In Luang Prabang, the group “underscored the importance of the full and effective” implementation of the declaration, according to a statement issued by Laos after the talks.

“We reaffirmed the importance of maintaining and promoting peace, security, stability, safety and freedom of navigation in, and overflight above, the South China Sea,” it said.

Under last year’s chair, Indonesia, ASEAN agreed with China on guidelines to accelerate negotiations for a South China Sea code of conduct, but that has yet to produce results.

In the talks Monday, Saleumxay said several ASEAN nations brought up the tensions in the South China Sea and that Laos hoped to have a third reading of the code of conduct with China “as soon as possible.”

“That would create an environment where both ASEAN member states, especially the claimant states, and China can build more trust and confidence,” he said. “Whatever happens in the South China Sea should be resolved in a peaceful manner through dialogue and consultations.”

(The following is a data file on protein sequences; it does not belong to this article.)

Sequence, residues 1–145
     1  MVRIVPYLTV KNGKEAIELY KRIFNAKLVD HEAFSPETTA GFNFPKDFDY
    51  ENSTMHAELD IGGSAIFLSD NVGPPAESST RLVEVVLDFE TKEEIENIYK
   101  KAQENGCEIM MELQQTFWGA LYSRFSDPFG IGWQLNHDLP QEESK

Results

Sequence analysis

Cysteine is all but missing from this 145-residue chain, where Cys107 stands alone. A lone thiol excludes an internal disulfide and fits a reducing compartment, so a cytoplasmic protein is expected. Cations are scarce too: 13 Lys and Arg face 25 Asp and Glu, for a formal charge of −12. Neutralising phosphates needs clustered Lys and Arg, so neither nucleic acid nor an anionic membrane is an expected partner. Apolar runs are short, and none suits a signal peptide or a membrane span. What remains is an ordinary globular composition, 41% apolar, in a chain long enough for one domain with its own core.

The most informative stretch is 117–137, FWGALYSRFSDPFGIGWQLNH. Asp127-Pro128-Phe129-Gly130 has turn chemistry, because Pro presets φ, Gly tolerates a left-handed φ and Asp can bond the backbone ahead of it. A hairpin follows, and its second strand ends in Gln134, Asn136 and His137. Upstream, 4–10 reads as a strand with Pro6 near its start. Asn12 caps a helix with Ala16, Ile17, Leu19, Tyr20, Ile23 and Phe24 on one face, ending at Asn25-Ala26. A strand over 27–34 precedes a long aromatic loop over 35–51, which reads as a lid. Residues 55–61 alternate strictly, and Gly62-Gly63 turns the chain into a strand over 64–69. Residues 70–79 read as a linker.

Saleumxay said all sides with claims in the South China Sea need to respect the United Nations convention on the law of the sea.

Under that convention, a U.N.-backed tribunal ruled in 2016 that China’s expansive claims in the South China Sea on historical grounds were invalid and that Beijing had violated the right of Filipinos to fish in the shoal.

China has refused to participate in the arbitration, rejected its outcome and continues to defy it.

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Associated Press journalist Jim Gomez in Manila, Philippines, contributed to this story.